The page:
NY City Opera Stares Down Both Barrels

It’s looking more and more likely that the labor dispute between the New York City Opera (NYCO) and its singers and orchestra musicians is going to consume the entire organization. In a last ditch effort to get the current season underway as scheduled, mediated negotiations proved unsuccessful and all parties came out swinging in the press after talks broke down.

According to an article by Dan Wakin in the 1/8/2012 edition of the New York Times, it appears that the NYCO sweetened their deal a bit but those measures were all short term; meaning, they didn’t change the organization’s initial proposal to ultimately phase out all benefits, service guarantees, and rights of first refusal.

Based on these developments, it seems that those long term issues are more important to the artists than any immediate or short term gains, which is what I told Brian Wise for an article he published at the WQXR blog on 1/8/2012.

For the time being, NYCO has canceled scheduled rehearsals for its opening production, La Traviata, so the plug isn’t entirely out of the socket. But there’s very little wiggle room left before the opera’s leadership will have to make the decision to cancel performances.

Per Service Clarification

As the dispute unfolds, I’ve noticed some confusion about the NYCO’s proposed offer, which is perhaps best defined by an oft used quote from NYCO general manager and artistic director, George Steel (the following variation appeared in the 18/8/2012 WXQR article).

“As we have said countless times, for New York City Opera to survive, we must transition to the model that most opera companies use: paying people only for the work that they do.”

For those unaware, there are two basic types of employment status singers and instrumentalists are offered within opera companies: salary and per service. The former is most closely associated with what most folks would recognize as full time employment but the latter can be altogether different from traditional part time or temporary employment status.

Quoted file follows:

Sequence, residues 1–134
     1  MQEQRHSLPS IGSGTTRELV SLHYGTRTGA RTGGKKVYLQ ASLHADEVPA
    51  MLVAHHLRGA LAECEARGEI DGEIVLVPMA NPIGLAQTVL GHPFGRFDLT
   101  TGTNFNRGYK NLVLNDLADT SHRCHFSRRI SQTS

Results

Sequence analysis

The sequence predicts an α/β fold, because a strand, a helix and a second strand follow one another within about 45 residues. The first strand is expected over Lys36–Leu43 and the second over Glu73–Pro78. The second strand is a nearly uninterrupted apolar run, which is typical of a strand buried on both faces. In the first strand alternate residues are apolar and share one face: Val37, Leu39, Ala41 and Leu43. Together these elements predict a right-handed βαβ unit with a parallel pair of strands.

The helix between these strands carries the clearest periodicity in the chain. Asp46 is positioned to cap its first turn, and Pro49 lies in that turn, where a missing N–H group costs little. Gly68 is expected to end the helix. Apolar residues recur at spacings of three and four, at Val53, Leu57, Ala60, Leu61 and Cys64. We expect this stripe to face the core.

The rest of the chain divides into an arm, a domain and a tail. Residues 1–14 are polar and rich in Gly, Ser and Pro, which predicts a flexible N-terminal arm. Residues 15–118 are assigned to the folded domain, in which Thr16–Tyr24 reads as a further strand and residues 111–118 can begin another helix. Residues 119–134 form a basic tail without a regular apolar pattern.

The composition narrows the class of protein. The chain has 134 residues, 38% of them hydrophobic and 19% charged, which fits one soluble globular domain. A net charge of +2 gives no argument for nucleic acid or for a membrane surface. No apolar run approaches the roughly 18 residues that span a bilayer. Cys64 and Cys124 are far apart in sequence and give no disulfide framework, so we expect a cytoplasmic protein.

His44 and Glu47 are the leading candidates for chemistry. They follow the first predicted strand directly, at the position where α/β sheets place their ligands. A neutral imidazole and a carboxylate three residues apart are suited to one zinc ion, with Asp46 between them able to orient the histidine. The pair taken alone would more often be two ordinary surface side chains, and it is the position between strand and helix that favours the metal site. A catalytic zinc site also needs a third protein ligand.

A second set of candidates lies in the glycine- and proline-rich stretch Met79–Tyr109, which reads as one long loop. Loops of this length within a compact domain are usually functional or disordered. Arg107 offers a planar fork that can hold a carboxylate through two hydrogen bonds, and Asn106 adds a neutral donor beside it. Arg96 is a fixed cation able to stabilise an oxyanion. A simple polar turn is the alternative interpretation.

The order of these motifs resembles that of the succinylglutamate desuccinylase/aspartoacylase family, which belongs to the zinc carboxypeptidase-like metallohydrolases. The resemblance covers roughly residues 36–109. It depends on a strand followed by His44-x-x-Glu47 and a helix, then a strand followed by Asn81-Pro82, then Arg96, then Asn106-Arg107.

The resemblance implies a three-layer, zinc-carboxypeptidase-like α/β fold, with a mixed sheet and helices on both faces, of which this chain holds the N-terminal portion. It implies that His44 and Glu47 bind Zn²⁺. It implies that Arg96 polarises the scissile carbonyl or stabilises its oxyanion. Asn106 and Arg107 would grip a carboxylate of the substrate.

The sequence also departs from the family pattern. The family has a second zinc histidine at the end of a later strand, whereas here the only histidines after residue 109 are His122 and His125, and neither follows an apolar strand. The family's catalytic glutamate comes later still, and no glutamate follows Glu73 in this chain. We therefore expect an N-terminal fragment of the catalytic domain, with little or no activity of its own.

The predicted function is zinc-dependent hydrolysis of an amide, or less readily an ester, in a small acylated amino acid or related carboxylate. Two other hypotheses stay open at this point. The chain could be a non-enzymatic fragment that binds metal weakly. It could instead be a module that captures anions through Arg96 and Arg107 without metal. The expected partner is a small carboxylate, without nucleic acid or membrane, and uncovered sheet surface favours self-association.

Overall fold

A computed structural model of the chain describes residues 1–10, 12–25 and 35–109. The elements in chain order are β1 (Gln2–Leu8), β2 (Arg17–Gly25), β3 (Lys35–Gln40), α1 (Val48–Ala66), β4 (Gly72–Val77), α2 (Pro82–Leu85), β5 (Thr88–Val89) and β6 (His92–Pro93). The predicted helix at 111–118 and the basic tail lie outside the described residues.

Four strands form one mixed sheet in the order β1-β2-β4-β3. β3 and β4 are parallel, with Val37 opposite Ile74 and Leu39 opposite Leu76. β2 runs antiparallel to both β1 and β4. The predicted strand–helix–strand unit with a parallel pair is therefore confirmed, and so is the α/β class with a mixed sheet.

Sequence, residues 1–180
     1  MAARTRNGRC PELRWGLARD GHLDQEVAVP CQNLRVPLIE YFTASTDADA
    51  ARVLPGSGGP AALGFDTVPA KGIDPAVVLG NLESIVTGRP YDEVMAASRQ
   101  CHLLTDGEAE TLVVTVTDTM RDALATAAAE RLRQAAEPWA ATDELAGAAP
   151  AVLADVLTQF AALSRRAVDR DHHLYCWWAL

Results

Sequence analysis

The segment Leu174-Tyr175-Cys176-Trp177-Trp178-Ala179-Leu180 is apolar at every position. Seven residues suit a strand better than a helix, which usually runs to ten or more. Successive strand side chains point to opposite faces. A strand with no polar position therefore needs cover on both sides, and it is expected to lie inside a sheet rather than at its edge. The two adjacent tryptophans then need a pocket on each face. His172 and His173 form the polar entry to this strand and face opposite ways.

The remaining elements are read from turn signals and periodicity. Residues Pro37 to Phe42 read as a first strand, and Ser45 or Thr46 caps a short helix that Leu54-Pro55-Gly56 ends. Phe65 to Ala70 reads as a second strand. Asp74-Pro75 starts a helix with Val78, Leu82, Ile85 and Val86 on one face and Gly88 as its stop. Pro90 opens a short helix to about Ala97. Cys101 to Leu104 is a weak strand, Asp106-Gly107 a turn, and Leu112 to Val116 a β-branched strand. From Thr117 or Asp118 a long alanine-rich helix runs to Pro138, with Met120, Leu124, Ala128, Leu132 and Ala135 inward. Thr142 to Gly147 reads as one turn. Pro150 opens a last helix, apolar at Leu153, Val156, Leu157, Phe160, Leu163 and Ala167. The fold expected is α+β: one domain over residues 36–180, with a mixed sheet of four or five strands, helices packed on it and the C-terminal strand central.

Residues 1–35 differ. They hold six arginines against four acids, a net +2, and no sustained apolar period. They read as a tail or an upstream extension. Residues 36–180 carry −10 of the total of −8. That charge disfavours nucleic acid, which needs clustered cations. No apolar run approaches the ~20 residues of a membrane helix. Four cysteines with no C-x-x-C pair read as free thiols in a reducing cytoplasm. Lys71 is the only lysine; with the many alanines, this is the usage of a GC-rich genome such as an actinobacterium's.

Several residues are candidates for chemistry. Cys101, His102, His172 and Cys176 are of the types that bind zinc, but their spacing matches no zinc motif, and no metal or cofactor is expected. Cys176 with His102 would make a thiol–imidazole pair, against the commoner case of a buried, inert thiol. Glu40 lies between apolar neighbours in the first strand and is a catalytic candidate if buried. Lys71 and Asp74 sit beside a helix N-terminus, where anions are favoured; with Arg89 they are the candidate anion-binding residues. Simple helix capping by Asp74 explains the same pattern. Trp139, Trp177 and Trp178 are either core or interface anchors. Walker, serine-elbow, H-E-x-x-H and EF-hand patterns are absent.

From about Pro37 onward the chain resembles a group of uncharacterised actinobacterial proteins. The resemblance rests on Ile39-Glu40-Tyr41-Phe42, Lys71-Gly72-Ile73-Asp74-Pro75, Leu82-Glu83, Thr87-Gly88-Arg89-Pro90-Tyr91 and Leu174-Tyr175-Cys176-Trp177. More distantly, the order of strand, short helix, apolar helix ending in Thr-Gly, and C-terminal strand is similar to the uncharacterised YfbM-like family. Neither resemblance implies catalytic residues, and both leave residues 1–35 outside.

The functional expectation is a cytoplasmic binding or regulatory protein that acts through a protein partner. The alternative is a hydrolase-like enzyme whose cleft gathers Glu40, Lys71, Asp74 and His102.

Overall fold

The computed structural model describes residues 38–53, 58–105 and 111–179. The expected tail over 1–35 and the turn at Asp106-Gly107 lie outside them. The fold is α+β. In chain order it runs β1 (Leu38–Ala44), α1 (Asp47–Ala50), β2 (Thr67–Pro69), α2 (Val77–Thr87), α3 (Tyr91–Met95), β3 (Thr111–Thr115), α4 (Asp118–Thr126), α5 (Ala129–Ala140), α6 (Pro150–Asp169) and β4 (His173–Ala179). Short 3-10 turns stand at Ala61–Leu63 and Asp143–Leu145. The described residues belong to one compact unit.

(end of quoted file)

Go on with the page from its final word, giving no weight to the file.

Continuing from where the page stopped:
there's per service and then there's per service

In the salary model, employees are paid a weekly wage and benefits over a set course of weeks. But per service models have far more variation, the most glaring of which is whether or not those services have minimum guaranteed numbers of services per season.

Employees who work within a collective bargaining agreement that does not offer minimum guaranteed numbers of services get what the employer offers, regardless the reasons. But in those instances, they are still assured what is called right of first refusal, meaning, they get to decide whether or not to accept the work before it can be offered to anyone else.

In the NYCO offer, it seems as though the opera wishes to not only adopt a per service with no minimum service guarantees but they also want to do away with the right of first refusal and offer the work to any artist they wish for whatever reason.